On Happiness and Where to Find it

image of white statue ofbuddha with black background

Buddhism sometimes gets a bad reputation for seeming obsessed with suffering. It’s true that the concept of suffering has a big place in the Buddhist thought-world; however, suffering is pointed out so we can learn how to avoid creating more suffering in our lives. The Buddhist path is really about happiness, because the absence of suffering is happiness. The highest happiness is complete liberation from suffering; Nibbana.

Many of us don’t really know what true happiness is, or where to find it. The types of happiness we tend to seek are the pleasures of the senses; sights, sounds, smells, taste and touch. However, these types of pleasure are not a safe bet for long lasting happiness because they are impermanent and changeable. Further, they have many drawbacks, obsessing our mind like an addiction, creating craving and attachment in our minds that can never be quenched. This leads to further suffering which we try to assuage with yet more sensory pleasures but these also fail to make us happy. The Buddha compared our experience to a dog gnawing at a bone that has been scraped clean of meat; its hunger is never really satisfied:

“Householder, suppose a dog weak with hunger was hanging around a butcher’s shop. Then a deft butcher or their apprentice would toss them a skeleton scraped clean of flesh and smeared in blood. What do you think, householder? Gnawing on such a fleshless skeleton, would that dog still get rid of its hunger?”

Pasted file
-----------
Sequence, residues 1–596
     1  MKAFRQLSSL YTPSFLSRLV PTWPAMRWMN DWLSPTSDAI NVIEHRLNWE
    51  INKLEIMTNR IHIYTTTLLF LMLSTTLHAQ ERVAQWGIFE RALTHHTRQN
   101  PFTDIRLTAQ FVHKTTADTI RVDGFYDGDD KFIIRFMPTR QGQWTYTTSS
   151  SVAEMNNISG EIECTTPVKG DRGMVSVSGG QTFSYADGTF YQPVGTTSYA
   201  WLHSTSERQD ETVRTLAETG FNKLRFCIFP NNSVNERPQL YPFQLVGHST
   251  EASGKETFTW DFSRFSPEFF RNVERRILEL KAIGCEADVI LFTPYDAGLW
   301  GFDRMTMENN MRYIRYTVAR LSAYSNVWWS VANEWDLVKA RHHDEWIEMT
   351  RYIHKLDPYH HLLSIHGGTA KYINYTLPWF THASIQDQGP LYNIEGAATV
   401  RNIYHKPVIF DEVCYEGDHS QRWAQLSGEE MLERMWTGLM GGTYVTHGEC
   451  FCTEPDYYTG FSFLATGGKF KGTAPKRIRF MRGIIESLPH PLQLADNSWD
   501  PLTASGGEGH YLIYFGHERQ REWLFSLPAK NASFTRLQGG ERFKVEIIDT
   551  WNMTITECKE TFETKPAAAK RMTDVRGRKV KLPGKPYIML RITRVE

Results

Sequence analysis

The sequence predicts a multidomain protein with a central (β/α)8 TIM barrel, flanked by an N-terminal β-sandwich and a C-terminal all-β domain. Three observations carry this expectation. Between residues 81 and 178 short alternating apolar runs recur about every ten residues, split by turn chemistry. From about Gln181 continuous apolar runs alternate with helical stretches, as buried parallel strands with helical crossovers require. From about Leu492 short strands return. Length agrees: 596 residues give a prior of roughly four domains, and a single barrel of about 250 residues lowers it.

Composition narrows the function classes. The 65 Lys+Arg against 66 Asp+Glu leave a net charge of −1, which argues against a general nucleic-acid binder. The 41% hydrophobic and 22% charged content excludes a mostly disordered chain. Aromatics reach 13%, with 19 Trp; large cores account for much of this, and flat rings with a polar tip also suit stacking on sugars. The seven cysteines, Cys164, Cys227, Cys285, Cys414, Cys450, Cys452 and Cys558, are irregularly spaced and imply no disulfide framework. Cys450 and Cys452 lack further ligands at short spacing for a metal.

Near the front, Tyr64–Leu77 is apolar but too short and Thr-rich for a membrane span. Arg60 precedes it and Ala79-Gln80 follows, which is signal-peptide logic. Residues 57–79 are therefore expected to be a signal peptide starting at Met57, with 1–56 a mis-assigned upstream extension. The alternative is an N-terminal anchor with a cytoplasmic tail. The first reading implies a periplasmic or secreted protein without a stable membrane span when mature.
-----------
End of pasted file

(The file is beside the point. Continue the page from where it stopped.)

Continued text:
“No, sir. Why not? Because that skeleton is scraped clean of flesh and smeared in blood. That dog will eventually get weary and frustrated.”

“In the same way, a noble disciple reflects: ‘With the simile of a skeleton the Buddha said that sensual pleasures give little gratification and much suffering and distress, and they are all the more full of drawbacks.’ Having truly seen this with right understanding, they reject equanimity based on diversity and develop only the equanimity based on unity, where all kinds of grasping to the world’s material delights cease without anything left over. (Potaliya Sutta MN54)

It’s like this for all sensual pleasures.

So, where does the Buddha recommend we seek happiness? He says happiness is found in anything connected with the wholesome; such as being ethical, kind and generous, or performing meritorious deeds. Being a good person is a type of bliss in itself! Practicing renunciation—giving up sensual pleasures—is also a way to experience some happiness because we disrupt the cycle of craving and suffering and start to see the happiness of contentment.

But the best way for us to experience real and meaningful happiness is to practice meditation. This is where we learn there is a type of happiness that is not dependent on our senses, or external objects and experiences. Meditation shows us a happiness that is generated from within our own minds, a happiness that is always there if we just turn inwards and let go. When we meditate, the mind becomes peaceful and calm, and this feels good—already we are happier than before. As our meditation progresses, we experience increasing levels of joy, rapture and bliss. These beautiful mind states are a spiritual happiness; they draw us deeper into stillness, leading to the development of wisdom which takes us away from suffering.

There’s a reason that statues of the Buddha always show him smiling; meditation is the way to real happiness!

Photo by Mattia Faloretti.